The simple act of sitting completely still is almost sure to result in a calming effect and to gradually clear your mind so there is no need for complex instruction beyond just sitting.

For some people the lack of guidance is going to make this an approachable and enjoyable form of meditation, for others though it can be frustrating and it might leave you lost.

Then there’s Spiritual Meditation, now spiritual meditation is essentially a form of meditative prayer and prayer has been shown to have many similar effects to other forms of meditation and it’s used in all different types of religions, not just ones from the east. If you’re Catholic and you pray the rosary, saying those Hail Mary’s over and over again can be quite meditative and quite relaxing and it clears your mind of everything else because you’re just concentrating on saying that same prayer over and over again.

Then there’s Transcendental Meditation, now Transcendental Meditation comes from Vedanta which is the meditative tradition from Hinduism. Transcendental Meditation is once again seated and this time it uses a mantra. A mantra is any word or sound of your choice which is simply repeated over and over again, or you could simply concentrate on the sound of your breathing, that’s another way to do Transcendental Meditation.

The ultimate objective of Transcendental Meditation is transcendence, and this is the meditation that is used as the path to enlightenment which is reportedly a feeling of oneness with the universe and perfect contentment.

In reality though, enlightenment is probably just a brain state achieved by relaxing areas of the brain and getting them to shut down. This is something that takes years to master and is highly elusive. If you use Transcendental Meditation with the sole of objective of reaching this state of mind then I’m afraid you’re likely to be disappointed.

When done correctly though Transcendental Meditation is an ideal way to relax and move your thoughts away from stress, and it can be used to calm the heart rate and is a fantastic coping mechanism if you suffer with anxiety. It’s also quite difficult though and many people give up after becoming frustrated at the ability to quiet their inner voice. The secret to success then is to go easy on yourself and not to try and force it.

Then we’ve got Focused Meditation, as with transcendental or mantra meditation, focused meditation involves the practice of trying to completely clear your thoughts by focusing on something else. Mantra meditation is one form of focused meditation but you could alternatively try focusing on an external stimuli or even on something like a candle flame, that’s always very good to try.

Then there’s Guided Visualization. The guided part of this process involves listening to a recording which will often describe the scene that you’re in. This kind of meditation is great for relaxing and for moving your thoughts away from the hustle and bustle of daily life before you achieve the ability to block out your surroundings through other forms of meditation.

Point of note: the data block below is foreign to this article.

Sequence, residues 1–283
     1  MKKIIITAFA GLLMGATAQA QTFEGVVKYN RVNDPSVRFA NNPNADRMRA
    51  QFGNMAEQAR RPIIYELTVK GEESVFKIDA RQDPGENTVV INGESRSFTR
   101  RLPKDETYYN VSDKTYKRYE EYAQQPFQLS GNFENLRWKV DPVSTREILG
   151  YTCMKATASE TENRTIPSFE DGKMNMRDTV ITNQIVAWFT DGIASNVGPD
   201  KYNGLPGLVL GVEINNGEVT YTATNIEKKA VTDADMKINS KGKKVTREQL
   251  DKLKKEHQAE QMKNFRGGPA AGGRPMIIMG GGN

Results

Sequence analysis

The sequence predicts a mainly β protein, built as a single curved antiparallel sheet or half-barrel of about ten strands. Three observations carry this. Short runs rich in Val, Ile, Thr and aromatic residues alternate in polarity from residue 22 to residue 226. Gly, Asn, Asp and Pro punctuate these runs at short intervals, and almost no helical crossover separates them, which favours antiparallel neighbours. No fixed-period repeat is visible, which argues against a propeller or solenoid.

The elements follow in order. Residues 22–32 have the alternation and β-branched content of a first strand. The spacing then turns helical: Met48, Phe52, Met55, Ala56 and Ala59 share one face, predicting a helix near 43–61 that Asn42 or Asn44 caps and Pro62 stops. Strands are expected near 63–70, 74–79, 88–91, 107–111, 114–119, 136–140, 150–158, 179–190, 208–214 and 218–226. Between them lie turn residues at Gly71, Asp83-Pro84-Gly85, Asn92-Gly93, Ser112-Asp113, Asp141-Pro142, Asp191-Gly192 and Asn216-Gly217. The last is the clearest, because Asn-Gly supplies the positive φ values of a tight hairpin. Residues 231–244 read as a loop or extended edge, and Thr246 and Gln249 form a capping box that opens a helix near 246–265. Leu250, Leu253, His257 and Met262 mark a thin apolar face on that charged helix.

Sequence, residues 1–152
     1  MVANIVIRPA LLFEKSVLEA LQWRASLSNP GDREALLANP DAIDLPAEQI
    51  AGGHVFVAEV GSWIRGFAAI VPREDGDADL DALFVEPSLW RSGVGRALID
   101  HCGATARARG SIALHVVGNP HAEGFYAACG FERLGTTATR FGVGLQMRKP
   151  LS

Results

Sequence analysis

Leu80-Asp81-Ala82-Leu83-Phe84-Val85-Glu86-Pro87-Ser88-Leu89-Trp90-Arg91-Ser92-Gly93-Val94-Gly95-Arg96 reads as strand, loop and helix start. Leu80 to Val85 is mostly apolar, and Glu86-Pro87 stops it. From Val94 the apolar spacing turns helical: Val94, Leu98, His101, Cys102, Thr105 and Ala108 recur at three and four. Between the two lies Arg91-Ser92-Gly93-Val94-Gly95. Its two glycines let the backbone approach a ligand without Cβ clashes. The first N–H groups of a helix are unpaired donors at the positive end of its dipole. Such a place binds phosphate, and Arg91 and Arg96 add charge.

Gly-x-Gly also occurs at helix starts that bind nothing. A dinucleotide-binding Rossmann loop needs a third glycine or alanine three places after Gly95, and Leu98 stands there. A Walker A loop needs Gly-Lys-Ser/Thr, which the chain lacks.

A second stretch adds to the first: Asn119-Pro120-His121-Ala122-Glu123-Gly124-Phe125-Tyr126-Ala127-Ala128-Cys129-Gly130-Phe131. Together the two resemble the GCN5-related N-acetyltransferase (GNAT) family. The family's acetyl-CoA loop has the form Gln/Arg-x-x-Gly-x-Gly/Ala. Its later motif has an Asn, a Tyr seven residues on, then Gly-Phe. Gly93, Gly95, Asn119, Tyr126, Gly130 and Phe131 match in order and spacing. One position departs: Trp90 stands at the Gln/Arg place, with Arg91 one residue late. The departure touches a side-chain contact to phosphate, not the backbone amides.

Then there’s Movement Meditation and a great example of this is Tai Chi Chuan which is a marital art practiced incredibly slowly involving a set of gentle movements. While it takes time to learn something like a Tai Chi set, you can practice movement meditation by using a dance routine or even by just swaying gently from side to side.

Then there’s Vipassana, and Vipassana is Theravada Meditation. Theravada being a branch of Buddhism, this is meditation which involves close attention to sensation with the goal being to discover the nature of existence. This form of meditation comes from Buddhism and was believed to be the type practiced by Buddha himself.

Then there’s Vajrayana, Vajrayana meditation is a complicated and advanced form of meditation which involves the goal of becoming more Buddha like, there are various types of meditation within Vajrayana such as Mahamudra. This form of meditation involves attempts to empty the mind once again, this time by simply doing nothing to the extent that you aren’t even focused on trying to meditate.

Both the Theravada and Vajrayana forms of meditation are advanced methods and require years of practice to perfect. An understanding of the surrounding beliefs and the cultures is also helpful so you can put everything in the right sort of context.

You can also combine different types of meditation to suit your needs or the situation you may face. For example, you might decide to use Vajrayana meditation to psyche yourself up for a competition or to prepare for an interview, and then sue Theravada meditation to calm down afterwards or to chill out before bed. You can use mindfulness to help make difficult decisions by reflecting on your thoughts in a non-pressured manner or to help correct damaging thought patterns. And you can use Transcendental meditation to give your brain a rest when you’re on a long boring train or bus journey.